EURO GOVT-Greek debt deal hurts Bunds but doubts curb losses

Tue Nov 27, 2012 7:44am EST

Related Topics

* Greek deal brings relief to riskier assets, Bunds fall
    * Bunds sell-off seen short-lived as deal largely priced in
    * Spanish aid request doubts temper peripheral debt demand


    By Emelia Sithole-Matarise
    LONDON, Nov 27 (Reuters) - German government bond prices
fell on Tuesday after Greece's international lenders sealed an
aid deal to avert near-term bankruptcy but doubts about some of
the measures tempered the sell-off in low-risk debt.
    The accord will cut Greek debt by 40 billion euros to reduce
it to 124 percent of gross domestic product by 2020. It eases
the way for Athens to receive its next aid tranche in
mid-December, removing fears of an imminent default.
 
    The relief lifted demand for riskier assets such as equities
and kept yields on 10-year Greek bonds near their
lowest since the country's debt restructuring in March.
    The German Bund future fell nearly 60 ticks to a
session low of 141.84 in early trade but the losses were quickly
halved as doubts about the deal emerged. The contract last stood
stood 24 ticks down on the day at 142.19.
    "Too much (of the deal) has been anticipated, It's not a
real game-changer. We expect some upside pressure on Bund yields
but not a sustained sell-off," said Michael Leister, a senior
rate strategist at Commerzbank.  
    German 10-year yields were last up 2 basis
points on the day at 1.44 percent. They have risen over the past
two weeks from a 2-1/2 month low of 1.315 percent as investors
anticipated that Greece's lenders would eventually compromise on
a deal to keep the debt-stricken country afloat.
    Bund yields are likely to remain in the tight 35 bps range
that has prevailed over the past month as questions remain on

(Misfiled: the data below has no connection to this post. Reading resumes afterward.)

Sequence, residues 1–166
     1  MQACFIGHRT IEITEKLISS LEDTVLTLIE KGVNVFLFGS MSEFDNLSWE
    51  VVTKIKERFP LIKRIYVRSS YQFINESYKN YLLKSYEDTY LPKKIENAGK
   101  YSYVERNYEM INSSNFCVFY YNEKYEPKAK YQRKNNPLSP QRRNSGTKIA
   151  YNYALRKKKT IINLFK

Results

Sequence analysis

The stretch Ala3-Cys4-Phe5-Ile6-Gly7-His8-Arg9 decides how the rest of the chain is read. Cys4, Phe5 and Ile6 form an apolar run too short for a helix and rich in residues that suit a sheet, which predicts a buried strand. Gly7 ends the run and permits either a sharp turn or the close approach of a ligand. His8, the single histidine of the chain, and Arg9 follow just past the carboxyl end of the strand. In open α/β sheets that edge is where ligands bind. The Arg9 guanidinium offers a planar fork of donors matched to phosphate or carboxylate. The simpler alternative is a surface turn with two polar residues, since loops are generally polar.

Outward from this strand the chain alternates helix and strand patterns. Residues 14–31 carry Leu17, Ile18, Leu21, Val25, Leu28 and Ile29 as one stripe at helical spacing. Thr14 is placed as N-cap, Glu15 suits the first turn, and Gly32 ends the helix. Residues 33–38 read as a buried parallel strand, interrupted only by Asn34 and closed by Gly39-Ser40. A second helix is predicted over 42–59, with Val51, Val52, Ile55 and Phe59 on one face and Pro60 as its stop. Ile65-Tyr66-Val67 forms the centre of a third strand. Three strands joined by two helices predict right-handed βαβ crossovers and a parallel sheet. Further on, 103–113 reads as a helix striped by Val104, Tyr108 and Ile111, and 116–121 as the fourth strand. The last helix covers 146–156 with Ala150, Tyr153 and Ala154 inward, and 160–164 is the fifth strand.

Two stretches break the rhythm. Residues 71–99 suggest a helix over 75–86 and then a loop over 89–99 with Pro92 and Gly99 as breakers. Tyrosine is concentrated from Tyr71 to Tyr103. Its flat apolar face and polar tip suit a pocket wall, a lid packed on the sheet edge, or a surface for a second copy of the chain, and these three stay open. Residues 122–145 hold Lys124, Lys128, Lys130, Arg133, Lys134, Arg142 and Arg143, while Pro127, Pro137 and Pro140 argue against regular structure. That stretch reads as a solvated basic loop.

how some of the Greek measures will be implemented, traders and
strategists said.

    POTENTIAL PITFALLS
    Investors were keen for details on a Greek bond buyback
which has to be carried out before the International Monetary
Fund can release its share of the aid tranche in December. There
was also concern about Athens' ability to meet debt reduction
targets to ensure release of cash installments.
    "It looks like a skeleton of a compromise on measures that
needed to be passed in order to facilitate the disbursement of
the next aid tranche for Greece, keep the IMF on board as long
as possible, and basically kick the can down the road again,"
said Gianluca Ziglio, a strategist at UBS. 
    "A lot of details are missing and how the plan will
eventually be reassessed, particularly in terms of debt
sustainability. The only thing we know about the buyback is
what's going to be the maximum price but there's nothing else
about modalities."   
    Greek bond prices were marked higher across the strip 
, pushing yields on the benchmark 10-year bond
 down 19 bps to 16.3 percent while Portuguese
equivalents were down 24 bps at 7.92 percent.
    Among other peripheral bonds, Spanish 10-year yields were
5.5 bps lower at 5.58 percent while Italian peers were steady on
the day. Some traders said uncertainty over when Spain would
request external aid to trigger European Central Bank support
tempered demand for the debt.  
    "People are looking at Spain, which looks like it's not
going to make an aid request until next year, so we are likely
to remain range-bound."
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